Wild Mushroom Hunting, a French Pastime

Clockwise from the bunch that looks black: trompettes, girolles, cepe, pied de mouton, chanterelles, and pleurotes

A variety of wild mushrooms, purchased in Paris

Yet another one of France’s most sacred culinary traditions is wild mushroom picking. In fact, mushroom picking in France is a highly regulated and competitive endeavor, guided by laws and/or commonly accepted social norms.

Some mushroom-related laws:

  • Mushrooms belong to the owner of the land on which they grow (Article 547, French Civil Code)
  • If such land is public, a law passed in 1989 gives the prefecture power to regulate wild mushroom picking. This may include a per-person limit, certain days when picking is allowed, or a complete ban on mushroom picking due to environmental factors.
  • Mushrooms must meet specific size requirements to be picked, based on variety
  • The only tool allowed in mushroom picking is a knife, which must be used to cut the mushroom off from its roots in order to preserve them for growing future mushroom generations
  • Mushrooms collected must be carried in a wicker basket to allow spores to fall through and grow new mushrooms

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The Truffle Tragedy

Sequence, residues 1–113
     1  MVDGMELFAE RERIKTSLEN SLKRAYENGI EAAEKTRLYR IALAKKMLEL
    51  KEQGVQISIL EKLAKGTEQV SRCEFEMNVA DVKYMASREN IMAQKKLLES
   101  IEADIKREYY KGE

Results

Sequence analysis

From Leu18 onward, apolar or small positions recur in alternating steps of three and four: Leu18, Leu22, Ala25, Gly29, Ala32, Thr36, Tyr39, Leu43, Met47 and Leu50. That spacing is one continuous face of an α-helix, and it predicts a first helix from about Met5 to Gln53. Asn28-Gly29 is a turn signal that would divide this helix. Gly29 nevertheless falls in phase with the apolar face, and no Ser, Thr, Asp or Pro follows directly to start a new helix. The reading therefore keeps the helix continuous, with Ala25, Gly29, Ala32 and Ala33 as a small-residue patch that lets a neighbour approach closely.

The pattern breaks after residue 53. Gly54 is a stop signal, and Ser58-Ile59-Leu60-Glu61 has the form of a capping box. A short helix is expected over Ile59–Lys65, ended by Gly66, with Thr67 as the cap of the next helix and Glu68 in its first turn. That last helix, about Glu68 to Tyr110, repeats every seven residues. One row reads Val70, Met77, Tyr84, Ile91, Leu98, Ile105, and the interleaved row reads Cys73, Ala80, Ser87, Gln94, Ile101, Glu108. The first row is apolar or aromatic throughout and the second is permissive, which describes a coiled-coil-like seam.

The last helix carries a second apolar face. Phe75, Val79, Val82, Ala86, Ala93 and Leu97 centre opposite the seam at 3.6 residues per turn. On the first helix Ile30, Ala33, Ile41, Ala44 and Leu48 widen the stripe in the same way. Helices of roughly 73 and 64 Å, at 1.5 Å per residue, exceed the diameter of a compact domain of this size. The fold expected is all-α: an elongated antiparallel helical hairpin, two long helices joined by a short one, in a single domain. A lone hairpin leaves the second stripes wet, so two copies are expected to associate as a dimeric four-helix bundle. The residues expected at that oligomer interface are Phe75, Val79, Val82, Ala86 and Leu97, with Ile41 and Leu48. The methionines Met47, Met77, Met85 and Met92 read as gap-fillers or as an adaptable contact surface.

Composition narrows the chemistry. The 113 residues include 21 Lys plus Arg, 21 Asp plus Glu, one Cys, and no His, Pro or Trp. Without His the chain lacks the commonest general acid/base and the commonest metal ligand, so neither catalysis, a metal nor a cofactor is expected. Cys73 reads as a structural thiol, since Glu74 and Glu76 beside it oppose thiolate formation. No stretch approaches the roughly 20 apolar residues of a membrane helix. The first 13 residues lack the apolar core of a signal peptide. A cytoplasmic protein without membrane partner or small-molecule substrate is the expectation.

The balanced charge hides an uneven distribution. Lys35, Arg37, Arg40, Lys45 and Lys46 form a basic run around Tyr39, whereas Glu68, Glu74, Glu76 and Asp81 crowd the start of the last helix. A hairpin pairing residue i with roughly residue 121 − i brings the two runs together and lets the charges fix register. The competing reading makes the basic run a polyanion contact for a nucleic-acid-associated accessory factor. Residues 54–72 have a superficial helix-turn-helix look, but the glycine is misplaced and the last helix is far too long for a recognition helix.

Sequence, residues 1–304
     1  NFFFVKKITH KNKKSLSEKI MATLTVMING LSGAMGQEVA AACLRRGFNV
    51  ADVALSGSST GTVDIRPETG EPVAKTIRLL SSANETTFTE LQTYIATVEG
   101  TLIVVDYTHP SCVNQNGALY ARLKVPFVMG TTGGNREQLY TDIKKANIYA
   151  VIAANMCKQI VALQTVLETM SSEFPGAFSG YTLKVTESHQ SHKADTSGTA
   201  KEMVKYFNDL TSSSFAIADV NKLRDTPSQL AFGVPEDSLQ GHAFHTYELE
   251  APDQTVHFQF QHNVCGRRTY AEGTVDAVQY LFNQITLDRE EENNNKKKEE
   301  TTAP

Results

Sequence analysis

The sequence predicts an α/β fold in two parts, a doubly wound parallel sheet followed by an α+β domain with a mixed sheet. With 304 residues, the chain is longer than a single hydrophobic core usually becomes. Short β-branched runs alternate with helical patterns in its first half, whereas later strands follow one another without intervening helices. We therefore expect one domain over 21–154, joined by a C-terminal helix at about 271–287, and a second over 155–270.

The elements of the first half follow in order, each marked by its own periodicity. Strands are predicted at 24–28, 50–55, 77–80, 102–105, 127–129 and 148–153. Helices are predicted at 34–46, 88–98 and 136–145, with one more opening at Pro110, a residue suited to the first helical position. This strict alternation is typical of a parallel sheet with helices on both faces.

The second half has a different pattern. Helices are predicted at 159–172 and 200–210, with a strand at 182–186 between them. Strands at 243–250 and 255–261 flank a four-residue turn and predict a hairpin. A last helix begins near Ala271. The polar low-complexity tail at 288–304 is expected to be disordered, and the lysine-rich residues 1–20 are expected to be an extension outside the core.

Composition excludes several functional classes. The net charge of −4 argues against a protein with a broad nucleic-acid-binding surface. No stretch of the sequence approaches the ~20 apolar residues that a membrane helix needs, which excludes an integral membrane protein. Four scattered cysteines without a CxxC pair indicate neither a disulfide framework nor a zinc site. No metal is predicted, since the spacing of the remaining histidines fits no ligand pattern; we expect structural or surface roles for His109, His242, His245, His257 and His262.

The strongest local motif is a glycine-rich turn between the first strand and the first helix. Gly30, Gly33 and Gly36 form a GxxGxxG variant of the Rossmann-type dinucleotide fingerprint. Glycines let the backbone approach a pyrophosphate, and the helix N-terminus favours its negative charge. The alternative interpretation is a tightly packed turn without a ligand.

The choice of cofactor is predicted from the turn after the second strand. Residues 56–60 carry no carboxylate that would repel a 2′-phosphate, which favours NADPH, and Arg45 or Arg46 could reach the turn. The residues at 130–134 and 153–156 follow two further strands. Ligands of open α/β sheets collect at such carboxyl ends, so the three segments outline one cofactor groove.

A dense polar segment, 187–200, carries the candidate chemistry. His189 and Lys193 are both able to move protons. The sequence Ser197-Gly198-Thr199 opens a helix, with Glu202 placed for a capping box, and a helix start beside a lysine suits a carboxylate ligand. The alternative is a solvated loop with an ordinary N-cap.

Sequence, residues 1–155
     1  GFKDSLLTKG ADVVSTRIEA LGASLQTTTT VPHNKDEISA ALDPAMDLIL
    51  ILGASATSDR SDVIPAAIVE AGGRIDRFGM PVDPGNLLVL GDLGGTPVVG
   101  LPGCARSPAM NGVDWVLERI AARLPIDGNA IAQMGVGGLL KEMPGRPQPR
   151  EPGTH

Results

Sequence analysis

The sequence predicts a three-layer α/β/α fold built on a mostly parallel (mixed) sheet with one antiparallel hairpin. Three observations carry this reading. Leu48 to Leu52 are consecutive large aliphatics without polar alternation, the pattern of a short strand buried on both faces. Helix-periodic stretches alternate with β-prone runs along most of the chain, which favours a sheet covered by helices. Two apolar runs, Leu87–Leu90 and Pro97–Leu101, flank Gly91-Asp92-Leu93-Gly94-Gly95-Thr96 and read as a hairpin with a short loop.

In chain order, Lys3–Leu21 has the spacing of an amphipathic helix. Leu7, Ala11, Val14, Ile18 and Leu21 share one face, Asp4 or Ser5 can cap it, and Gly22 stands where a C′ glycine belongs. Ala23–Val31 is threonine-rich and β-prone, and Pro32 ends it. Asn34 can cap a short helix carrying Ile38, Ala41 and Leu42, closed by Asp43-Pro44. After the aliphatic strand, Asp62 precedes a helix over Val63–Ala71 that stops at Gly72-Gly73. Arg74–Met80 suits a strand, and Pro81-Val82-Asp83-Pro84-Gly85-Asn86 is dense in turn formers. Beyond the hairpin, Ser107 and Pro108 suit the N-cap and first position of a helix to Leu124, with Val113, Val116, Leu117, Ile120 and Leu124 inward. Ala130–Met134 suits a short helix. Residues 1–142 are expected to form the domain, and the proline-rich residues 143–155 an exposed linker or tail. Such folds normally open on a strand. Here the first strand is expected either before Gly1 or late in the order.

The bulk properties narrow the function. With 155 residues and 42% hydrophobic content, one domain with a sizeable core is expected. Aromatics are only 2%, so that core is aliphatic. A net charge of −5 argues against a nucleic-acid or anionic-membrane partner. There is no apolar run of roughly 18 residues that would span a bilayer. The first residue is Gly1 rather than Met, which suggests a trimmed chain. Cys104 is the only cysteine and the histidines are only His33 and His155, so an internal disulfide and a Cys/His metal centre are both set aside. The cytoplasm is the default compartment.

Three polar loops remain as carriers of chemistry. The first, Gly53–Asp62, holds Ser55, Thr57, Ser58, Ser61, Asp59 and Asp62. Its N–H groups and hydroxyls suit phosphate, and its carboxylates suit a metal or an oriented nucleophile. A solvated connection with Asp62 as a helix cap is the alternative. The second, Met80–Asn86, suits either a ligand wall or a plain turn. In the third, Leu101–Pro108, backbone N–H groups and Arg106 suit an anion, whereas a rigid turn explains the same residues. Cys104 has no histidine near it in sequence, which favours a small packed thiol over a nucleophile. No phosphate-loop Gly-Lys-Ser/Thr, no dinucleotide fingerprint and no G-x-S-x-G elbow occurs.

French Périgord truffles prepared on top of toasted bread slices

Traditional gastronomic presentation of French Périgord truffles

Another French product is in jeopardy – and this time, Americanization is not to blame. French truffles are in serious danger of being out-competed by cheap Chinese versions in an apparent “black market” truffle trade.

French truffles are among the most expensive foods in the world by weight. Going for around €500 per kilogram, black French truffles from the Périgord region in the Southwest, are considered one of the most luxurious symbols of high French cuisine and gastronomic heritage. Along with geographically benevolent vineyard soil, French truffles are considered one of France’s most prized natural culinary possessions. As such, they command an extremely high price. The financial benefits are attractive not only to French truffle growers, but to imitators, specifically those Continue reading